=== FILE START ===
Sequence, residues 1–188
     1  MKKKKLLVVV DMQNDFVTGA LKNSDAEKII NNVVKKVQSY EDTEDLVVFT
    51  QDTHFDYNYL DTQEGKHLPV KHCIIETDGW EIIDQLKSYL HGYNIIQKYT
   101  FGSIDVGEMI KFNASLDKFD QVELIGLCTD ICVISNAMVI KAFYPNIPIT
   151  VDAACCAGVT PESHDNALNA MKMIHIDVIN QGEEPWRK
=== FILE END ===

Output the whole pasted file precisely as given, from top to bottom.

Sequence, residues 1–188
     1  MKKKKLLVVV DMQNDFVTGA LKNSDAEKII NNVVKKVQSY EDTEDLVVFT
    51  QDTHFDYNYL DTQEGKHLPV KHCIIETDGW EIIDQLKSYL HGYNIIQKYT
   101  FGSIDVGEMI KFNASLDKFD QVELIGLCTD ICVISNAMVI KAFYPNIPIT
   151  VDAACCAGVT PESHDNALNA MKMIHIDVIN QGEEPWRK